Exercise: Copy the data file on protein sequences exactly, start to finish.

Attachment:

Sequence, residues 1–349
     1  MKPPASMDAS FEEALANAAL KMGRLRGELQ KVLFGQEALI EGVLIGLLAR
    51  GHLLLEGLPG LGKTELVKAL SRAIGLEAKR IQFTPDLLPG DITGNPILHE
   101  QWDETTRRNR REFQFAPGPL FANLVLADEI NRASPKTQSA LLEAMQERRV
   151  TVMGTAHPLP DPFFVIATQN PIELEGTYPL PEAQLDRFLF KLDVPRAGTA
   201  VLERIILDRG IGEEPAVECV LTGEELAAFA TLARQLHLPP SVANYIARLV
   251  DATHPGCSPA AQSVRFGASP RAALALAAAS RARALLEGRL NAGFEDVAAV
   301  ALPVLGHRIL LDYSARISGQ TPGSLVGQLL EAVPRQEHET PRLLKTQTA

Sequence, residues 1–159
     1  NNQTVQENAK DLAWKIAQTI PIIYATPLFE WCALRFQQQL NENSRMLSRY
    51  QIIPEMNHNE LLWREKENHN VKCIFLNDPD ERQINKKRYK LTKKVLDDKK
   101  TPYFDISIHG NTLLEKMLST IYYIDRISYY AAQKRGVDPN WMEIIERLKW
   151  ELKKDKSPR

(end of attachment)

Sequence, residues 1–349
     1  MKPPASMDAS FEEALANAAL KMGRLRGELQ KVLFGQEALI EGVLIGLLAR
    51  GHLLLEGLPG LGKTELVKAL SRAIGLEAKR IQFTPDLLPG DITGNPILHE
   101  QWDETTRRNR REFQFAPGPL FANLVLADEI NRASPKTQSA LLEAMQERRV
   151  TVMGTAHPLP DPFFVIATQN PIELEGTYPL PEAQLDRFLF KLDVPRAGTA
   201  VLERIILDRG IGEEPAVECV LTGEELAAFA TLARQLHLPP SVANYIARLV
   251  DATHPGCSPA AQSVRFGASP RAALALAAAS RARALLEGRL NAGFEDVAAV
   301  ALPVLGHRIL LDYSARISGQ TPGSLVGQLL EAVPRQEHET PRLLKTQTA

Sequence, residues 1–159
     1  NNQTVQENAK DLAWKIAQTI PIIYATPLFE WCALRFQQQL NENSRMLSRY
    51  QIIPEMNHNE LLWREKENHN VKCIFLNDPD ERQINKKRYK LTKKVLDDKK
   101  TPYFDISIHG NTLLEKMLST IYYIDRISYY AAQKRGVDPN WMEIIERLKW
   151  ELKKDKSPR